Of course, some booking agents are a joy to work with -- I'm thinking of the ones who cut right to the chase, cuz that always makes life a lot easier. And then every once in a while you have an exchange with someone who -- even though they might not be able to help you directly -- approaches the booking dance in such an idiosyncratic way that it makes the experience weird and human enough to be entertaining in and of itself.

And when that happens, you have to smile, even if only in confusion.

So a big thank you to the dude from Washington state (he's a complete stranger to me, so I'm not at liberty to reveal his identity) who recently sent me this email in response to a booking request:

You guys are fantastic! You're too good to play here but we'd still love to have you! You also might be too BIG to play here and by BIG I mean LARGE but not FAT, because that would be rude, even if it were true, which it isn't, not that there would be anything bad if it were true, except for the potential discrimination on my part. You'd never fit in our little back room. Again, NOT due to any idividual girth, rather required cumulative elbow-room, which is not some Olympia hippie PC term which circumvents the hatred inherent in the word FAT while communicating the idea of FAT. No one has fat elbows... they taper. God, I wish you could play here. Could you maybe all squeeze? Circular breath? MIDI? No no no. Seriously, how many are you on this tour? Maybe we can butter the walls (no licking them fatty).

Friday, June 06, 2008

Friday Muxtape, no. 6

I gotta start working on these things earlier in the week...

Anyway, hear here.

1. Bootsy Collins: "Bootzilla." I think Daphne would agree: for a while this was "our song."

2. Mendelssohn: "Saltarello-Presto from Symphony no. 4." Performed by 16 player pianos, at the behest of Paul Lehrman.

3. Duke Ellington: "Come Sunday Interlude." From the Black, Brown and Beige album. Ray Nance on the violin.

4. Howlin' Wolf: "300 Pounds of Joy." This is not the Real Folk Blues version. (I love that one too, except for the horrible edit at the beginning.)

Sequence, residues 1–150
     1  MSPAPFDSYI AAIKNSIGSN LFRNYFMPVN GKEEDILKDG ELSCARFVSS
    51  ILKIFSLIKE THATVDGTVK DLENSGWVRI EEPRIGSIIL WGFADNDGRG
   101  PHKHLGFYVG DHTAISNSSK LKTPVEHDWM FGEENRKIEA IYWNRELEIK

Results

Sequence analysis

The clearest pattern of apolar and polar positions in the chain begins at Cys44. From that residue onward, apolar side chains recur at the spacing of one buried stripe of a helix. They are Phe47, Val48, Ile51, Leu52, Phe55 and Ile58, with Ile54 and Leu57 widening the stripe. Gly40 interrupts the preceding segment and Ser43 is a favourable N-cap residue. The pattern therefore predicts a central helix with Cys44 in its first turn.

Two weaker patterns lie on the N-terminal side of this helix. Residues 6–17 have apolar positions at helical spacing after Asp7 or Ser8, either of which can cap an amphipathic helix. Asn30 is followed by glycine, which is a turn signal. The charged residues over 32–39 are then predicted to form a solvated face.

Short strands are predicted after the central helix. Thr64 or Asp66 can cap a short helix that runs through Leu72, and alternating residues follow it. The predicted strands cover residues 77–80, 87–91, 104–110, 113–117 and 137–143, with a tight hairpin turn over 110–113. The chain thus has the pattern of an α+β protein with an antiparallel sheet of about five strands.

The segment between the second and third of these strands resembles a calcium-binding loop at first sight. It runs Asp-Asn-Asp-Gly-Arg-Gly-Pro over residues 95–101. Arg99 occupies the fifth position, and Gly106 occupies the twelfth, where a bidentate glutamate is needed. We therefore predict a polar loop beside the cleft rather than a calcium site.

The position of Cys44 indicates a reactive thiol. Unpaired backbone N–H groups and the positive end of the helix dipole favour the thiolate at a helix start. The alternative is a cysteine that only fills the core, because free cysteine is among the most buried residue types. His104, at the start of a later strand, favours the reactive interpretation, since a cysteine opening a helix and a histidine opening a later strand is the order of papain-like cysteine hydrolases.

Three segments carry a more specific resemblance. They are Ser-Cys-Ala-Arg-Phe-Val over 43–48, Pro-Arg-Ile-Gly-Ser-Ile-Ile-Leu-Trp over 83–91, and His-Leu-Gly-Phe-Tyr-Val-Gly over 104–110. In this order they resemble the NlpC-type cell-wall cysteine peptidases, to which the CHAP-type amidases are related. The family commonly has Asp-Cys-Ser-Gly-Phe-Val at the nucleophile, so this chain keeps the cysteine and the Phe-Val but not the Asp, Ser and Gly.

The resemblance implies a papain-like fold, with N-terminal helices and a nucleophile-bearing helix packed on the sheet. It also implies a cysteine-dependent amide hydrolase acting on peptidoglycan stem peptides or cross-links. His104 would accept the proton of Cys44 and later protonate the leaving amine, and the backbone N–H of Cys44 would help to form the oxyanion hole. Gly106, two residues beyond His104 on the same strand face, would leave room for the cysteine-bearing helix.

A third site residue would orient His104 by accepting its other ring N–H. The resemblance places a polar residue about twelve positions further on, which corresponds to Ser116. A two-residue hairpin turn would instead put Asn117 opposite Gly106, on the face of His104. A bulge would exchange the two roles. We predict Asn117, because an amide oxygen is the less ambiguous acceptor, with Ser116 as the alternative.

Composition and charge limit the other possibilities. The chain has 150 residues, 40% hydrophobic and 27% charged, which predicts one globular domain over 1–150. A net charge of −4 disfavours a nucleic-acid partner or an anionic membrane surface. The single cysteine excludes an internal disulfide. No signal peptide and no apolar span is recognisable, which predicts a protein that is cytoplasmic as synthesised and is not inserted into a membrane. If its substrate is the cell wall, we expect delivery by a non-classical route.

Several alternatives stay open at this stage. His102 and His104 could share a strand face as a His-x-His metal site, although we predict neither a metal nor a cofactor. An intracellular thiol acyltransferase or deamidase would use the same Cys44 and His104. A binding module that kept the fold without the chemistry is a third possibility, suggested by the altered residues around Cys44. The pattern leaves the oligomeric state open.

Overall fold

Anyone know where I got this? (No, seriously, I can't find the album it came from. Maybe I'm just tired.)

5. The Videos: "Trickle, Trickle." In honor of the PDX weather god's apparent intention to make summer a lot shorter this year.

6. Moondog: "Bird's Lament." Played by the London Saxophonic. And then turned into a car commercial. Fuckers!

7. Guided By Voices: "Chasing Heather Crazy." Dependable? Tuneful?

8. Andrew Bird: "The Trees Were Mistaken." Eerie? Hypnotic?

9. The Chap: "Surgery." Poppy? Quirky?

10. Damon Zick and Friends: "Hill Country." Damon has played every damned saxophone book in the IJG -- and all of them with incredible skill. As such he's often the go-to guy whenever a new sax player needs something about one of my tunes explained. He's a motherfucker, as this track of his will attest.

(Oh, yeah, and his wife just had a baby boy -- congratulations, Zicks!)

11. Duke Ellington: "Rockin' in Rhythm." With Sam Woodyard on the drums, it's not so much rockin' as white-hot burning.

12. Cliff Jackson and Jellean Delk with the Naturals: "Frank, This Is It." Respectfully, this is for HRC. Make of that what you will.

Thursday, June 05, 2008

Now that's what I call grass roots activism...

Further fodder for my ongoing love-affair with Portland: somebody took the liberty of mowing the word "Obama" into this field (a few hundred yards from our house). I know it's hard to see -- sorry, I didn't have access to a helicopter.